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Environmental group: WTE never the answer

A DAVAO City-based environmental group remains skeptical of the Waste-To-Energy (WTE) facility project the city government is aggressively pursuing.

Councilor Temujin “Tek” Ocampo revealed on Tuesday during Aprubado sa Konseho that an Australian firm was interested in funding the city’s WTE project.

Ocampo attested that the company, along with its European partners, has a great track record in energy generation.

“They are now getting in touch with the Davao City Investment Promotion Center (DCIPC) for the necessary documents to be complied,” Ocampo said.

When asked if the project would push through given the zero support from environmentalists, Ocampo said they are hoping as “new technology is more environment-friendly.”

The councilor added the firm is looking at a 50-megawatt power plant and waste conversion technology that does not require incineration (burning). Instead, the technology breaks down waste into natural gas running the turbine, and the excess waste will either go to the landfills, be used as fertilizers, or be transformed into bricks.

“During the initial talks, sabi nila ilaha na daw tung paningkamutan, walay iinvest ang syudad bisag piso ani, ang ato lang i-provide is yuta,” he said stressing the construction of the project will be fully funded by the firm.

The city government also considers a public-private partnership (PPP) with domestic and foreign companies. Presently, plans are being made to model the WTE after the facility in Poland and Germany.

However, this won’t push through yet as the city has a standing agreement with the Japanese Government on the WTE project, which is currently put on hold by the Department of Environment and Natural Resources (DENR) “for no reason” as per Ocampo.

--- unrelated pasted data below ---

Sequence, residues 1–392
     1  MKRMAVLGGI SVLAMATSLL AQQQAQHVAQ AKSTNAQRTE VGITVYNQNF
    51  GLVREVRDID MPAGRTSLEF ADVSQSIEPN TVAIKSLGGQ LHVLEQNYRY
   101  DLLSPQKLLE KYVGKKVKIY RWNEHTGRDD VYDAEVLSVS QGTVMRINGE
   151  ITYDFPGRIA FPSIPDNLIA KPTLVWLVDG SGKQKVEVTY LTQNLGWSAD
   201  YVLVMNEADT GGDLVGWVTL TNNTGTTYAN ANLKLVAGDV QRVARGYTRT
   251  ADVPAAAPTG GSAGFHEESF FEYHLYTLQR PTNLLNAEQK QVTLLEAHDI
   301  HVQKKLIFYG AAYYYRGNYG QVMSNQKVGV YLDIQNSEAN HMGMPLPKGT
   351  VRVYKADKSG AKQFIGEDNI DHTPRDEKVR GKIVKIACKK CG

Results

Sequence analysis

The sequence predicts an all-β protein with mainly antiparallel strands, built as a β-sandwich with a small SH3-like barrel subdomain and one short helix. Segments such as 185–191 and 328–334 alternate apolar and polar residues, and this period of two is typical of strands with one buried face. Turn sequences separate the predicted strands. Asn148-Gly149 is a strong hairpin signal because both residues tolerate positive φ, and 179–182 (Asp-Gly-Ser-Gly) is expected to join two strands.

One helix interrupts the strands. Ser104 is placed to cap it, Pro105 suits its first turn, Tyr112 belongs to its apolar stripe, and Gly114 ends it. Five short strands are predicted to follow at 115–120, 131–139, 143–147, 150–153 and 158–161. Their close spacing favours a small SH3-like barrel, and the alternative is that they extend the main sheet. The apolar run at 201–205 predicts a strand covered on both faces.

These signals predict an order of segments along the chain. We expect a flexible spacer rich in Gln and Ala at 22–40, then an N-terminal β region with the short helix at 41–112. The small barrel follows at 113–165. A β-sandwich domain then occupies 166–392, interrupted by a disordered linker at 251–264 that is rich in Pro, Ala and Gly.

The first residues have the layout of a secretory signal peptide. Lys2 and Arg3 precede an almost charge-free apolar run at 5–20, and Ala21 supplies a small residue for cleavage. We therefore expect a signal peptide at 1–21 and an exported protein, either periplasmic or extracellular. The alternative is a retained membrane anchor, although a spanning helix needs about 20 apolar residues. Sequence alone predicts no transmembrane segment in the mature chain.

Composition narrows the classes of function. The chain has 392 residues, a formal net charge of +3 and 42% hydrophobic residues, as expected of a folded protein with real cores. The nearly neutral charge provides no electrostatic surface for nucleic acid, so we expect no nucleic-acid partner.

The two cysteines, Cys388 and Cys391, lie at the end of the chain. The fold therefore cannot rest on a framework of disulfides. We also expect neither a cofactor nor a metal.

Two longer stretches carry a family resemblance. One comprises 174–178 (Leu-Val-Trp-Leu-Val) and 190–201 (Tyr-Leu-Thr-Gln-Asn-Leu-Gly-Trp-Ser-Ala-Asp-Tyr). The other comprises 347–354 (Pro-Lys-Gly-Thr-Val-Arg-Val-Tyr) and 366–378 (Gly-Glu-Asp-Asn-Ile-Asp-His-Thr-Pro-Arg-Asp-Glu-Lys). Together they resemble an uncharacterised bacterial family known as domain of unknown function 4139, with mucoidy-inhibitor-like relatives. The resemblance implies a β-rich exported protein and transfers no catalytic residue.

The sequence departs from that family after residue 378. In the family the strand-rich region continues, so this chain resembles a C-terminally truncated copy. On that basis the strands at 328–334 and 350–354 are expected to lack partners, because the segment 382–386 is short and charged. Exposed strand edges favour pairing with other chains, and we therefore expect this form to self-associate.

To recall, JICA came up with a study in 2015 of the viability of the project in the city and proposed in 2016 to partially fund the establishment. The proposed facility will have a capacity of about 600 metric tons of waste producing 12 megawatts of energy. 

About 650- 800 tons of garbage daily is being collected by the city environment and natural resources office and the sanitary landfill in New Carmen has been maximized to its full capacity.

Band-aid solution

However, Atty. Mark Peñalver, director of Interfacing Development Interventions for Sustainability (IDIS), said on Wednesday that the new approach might seem better than incineration. However, the city’s issues on waste are still not effectively resolved.

Modaghan gihapon atong waste just to fuel, to operate the facility, though we haven’t looked at it, kung ingana gihapon ang technology, band-aid solution gihapon sa kung unsa ang naa ta,” Peñalver told reporters.

He added that any WTE alternative technology still creates emissions once plastic chemicals and waste are exposed to heat,  leading to air pollution.

“WTE is worst, as you cannot see the emissions and we are unaware we inhaled the dioxides and furans released from burning or heating the plastic wastes,” he said.

Instead of WTE, he said the best solution is to demand companies to adapt to environmentally friendly packaging, strict implementation of solid waste management ordinances, and creating more operational Materials Recovery Facility (MRF).

These initiatives, Peñalver said must be adopted as they are cost-efficient and can address the waste problem in the city as well as aid to income generation of the residents.

Citing for example the case of Mintal Resource Collectors Association (Mirca), where the community in Mintal, Davao City earns income from the waste management system, with assistance from the Philippines, Indonesia, and Sri Lanka (Phinla) project.

He called for the government to strictly enforce existing environmental conservation ordinances in the city, rather than diverting to another intervention which could lead to another bigger problem.

Wala pa gani ni nato ni natagaan og chance nga ma implement ning balaod, naa natay other in interventions nga dili man unta kadto ang intention sa policies, pero lahi ang solution nga ginahatag,” he said.



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